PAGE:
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Noninvasive assessment of carotid-femoral pulse wave velocity: the influence of body side and body contours

Jelle Bossuyt (UGent) , SANDRIEN VAN DE VELDE (UGent) , Majda Azermai (UGent) , SEBASTIAN VERMEERSCH (UGent) , Tine De Backer (UGent) , Daniel Devos (UGent) , CATHERINE HEYSE (UGent) , Jan Filipovsky, Patrick Segers (UGent) and Lucas Van Bortel (UGent)
(2013) JOURNAL OF HYPERTENSION. 31(5). p.946-951
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Abstract
Background: Recently, an expert group advised to measure carotid-femoral (cf) pulse wave velocity (PWV) on the right side of the body, and to use a sliding caliper when tape measure distance cannot be obtained in a straight line. The present study investigates the evidence for this advice by comparing the real travelled cf path lengths (RTPLs) at both body sides and comparing the straight distance (as can be obtained with a sliding caliper) with the tape measure distance. Methods: RTPLs were measured with MRI in 98 individuals (49 men, age 21-76 years). Path lengths from the aortic arch to the carotid (AA-CA) and femoral (AA-FA) sites were determined. RTPL was calculated as (AA-FA) - (AA-CA) and compared between both sides. RTPLs were compared with 80% of the direct cf distance using a tape measure and the straight cf distance obtained from MRI images. Results: RTPL was slightly longer [11mm (12), P < 0.001] at the right side. The 80%-rule overestimated RTPLs with 0.5% at the right and 2.7% at the left side. Straight MRI distance tended (P = 0.09) to perform slightly better than tape measure distance. Conclusion: The travelled cf path is slightly longer at the right than at the left body side and the straight MRI distance tends to perform better than tape measure distance. The present study supports the advice of the expert consensus group to measure cf-PWV at the right body side using a sliding caliper when tape measure distance cannot be obtained in a straight line.
Keywords
body contours, arterial stiffness, body side, carotid-femoral pulse wave velocity, distance standardization, EXPERT CONSENSUS DOCUMENT, ARTERIAL STIFFNESS

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Chicago
Bossuyt, Jelle, SANDRIEN VAN DE VELDE, Majda Azermai, SEBASTIAN VERMEERSCH, Tine De Backer, Daniel Devos, CATHERINE HEYSE, Jan Filipovsky, Patrick Segers, and Lucas Van Bortel. 2013. “Noninvasive Assessment of Carotid-femoral Pulse Wave Velocity: The Influence of Body Side and Body Contours.” Journal of Hypertension 31 (5): 946–951.
APA
Bossuyt, J., VAN DE VELDE, S., Azermai, M., VERMEERSCH, S., De Backer, T., Devos, D., HEYSE, C., et al. (2013). Noninvasive assessment of carotid-femoral pulse wave velocity: the influence of body side and body contours. JOURNAL OF HYPERTENSION, 31(5), 946–951.
Vancouver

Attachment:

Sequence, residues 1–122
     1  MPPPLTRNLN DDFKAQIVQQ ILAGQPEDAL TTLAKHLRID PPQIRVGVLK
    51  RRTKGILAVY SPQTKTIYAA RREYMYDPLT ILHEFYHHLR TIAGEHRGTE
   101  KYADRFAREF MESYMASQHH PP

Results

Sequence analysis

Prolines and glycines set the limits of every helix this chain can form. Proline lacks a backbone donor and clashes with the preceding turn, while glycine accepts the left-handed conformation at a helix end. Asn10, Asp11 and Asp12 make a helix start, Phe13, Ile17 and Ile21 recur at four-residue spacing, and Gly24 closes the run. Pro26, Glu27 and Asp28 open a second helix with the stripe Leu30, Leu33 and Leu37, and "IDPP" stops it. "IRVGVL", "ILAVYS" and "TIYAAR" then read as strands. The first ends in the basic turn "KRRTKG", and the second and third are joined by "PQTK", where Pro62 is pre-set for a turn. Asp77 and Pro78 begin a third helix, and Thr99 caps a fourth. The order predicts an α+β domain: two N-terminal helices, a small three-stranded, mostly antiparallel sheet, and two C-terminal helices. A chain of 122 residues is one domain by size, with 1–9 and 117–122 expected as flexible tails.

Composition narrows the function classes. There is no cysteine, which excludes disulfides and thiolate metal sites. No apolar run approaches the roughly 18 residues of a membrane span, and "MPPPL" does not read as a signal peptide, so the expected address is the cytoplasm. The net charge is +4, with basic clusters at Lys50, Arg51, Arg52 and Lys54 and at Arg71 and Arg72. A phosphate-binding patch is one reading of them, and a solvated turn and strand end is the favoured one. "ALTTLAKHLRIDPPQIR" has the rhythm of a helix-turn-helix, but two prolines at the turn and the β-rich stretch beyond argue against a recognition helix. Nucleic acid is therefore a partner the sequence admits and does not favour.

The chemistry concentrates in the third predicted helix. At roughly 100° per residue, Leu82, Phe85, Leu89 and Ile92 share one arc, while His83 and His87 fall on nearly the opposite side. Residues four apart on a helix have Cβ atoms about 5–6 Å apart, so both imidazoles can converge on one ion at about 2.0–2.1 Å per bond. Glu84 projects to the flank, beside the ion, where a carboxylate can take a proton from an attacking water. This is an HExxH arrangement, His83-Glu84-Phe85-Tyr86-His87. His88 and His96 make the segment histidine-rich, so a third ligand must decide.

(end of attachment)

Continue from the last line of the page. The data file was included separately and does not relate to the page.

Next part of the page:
1.
Bossuyt J, VAN DE VELDE S, Azermai M, VERMEERSCH S, De Backer T, Devos D, et al. Noninvasive assessment of carotid-femoral pulse wave velocity: the influence of body side and body contours. JOURNAL OF HYPERTENSION. 2013;31(5):946–51.
MLA
Bossuyt, Jelle, SANDRIEN VAN DE VELDE, Majda Azermai, et al. “Noninvasive Assessment of Carotid-femoral Pulse Wave Velocity: The Influence of Body Side and Body Contours.” JOURNAL OF HYPERTENSION 31.5 (2013): 946–951. Print.
@article{4229155,
  abstract     = {Background: Recently, an expert group advised to measure carotid-femoral (cf) pulse wave velocity (PWV) on the right side of the body, and to use a sliding caliper when tape measure distance cannot be obtained in a straight line. The present study investigates the evidence for this advice by comparing the real travelled cf path lengths (RTPLs) at both body sides and comparing the straight distance (as can be obtained with a sliding caliper) with the tape measure distance.
Methods: RTPLs were measured with MRI in 98 individuals (49 men, age 21-76 years). Path lengths from the aortic arch to the carotid (AA-CA) and femoral (AA-FA) sites were determined. RTPL was calculated as (AA-FA) - (AA-CA) and compared between both sides. RTPLs were compared with 80\% of the direct cf distance using a tape measure and the straight cf distance obtained from MRI images.
Results: RTPL was slightly longer [11mm (12), P {\textlangle} 0.001] at the right side. The 80\%-rule overestimated RTPLs with 0.5\% at the right and 2.7\% at the left side. Straight MRI distance tended (P = 0.09) to perform slightly better than tape measure distance.
Conclusion: The travelled cf path is slightly longer at the right than at the left body side and the straight MRI distance tends to perform better than tape measure distance. The present study supports the advice of the expert consensus group to measure cf-PWV at the right body side using a sliding caliper when tape measure distance cannot be obtained in a straight line.},
  author       = {Bossuyt, Jelle and VAN DE VELDE, SANDRIEN and Azermai, Majda and VERMEERSCH, SEBASTIAN and De Backer, Tine and Devos, Daniel and HEYSE, CATHERINE and Filipovsky, Jan and Segers, Patrick and Van Bortel, Lucas},
  issn         = {0263-6352},
  journal      = {JOURNAL OF HYPERTENSION},
  language     = {eng},
  number       = {5},
  pages        = {946--951},
  title        = {Noninvasive assessment of carotid-femoral pulse wave velocity: the influence of body side and body contours},
  url          = {http://dx.doi.org/10.1097/HJH.0b013e328360275d},
  volume       = {31},
  year         = {2013},
}

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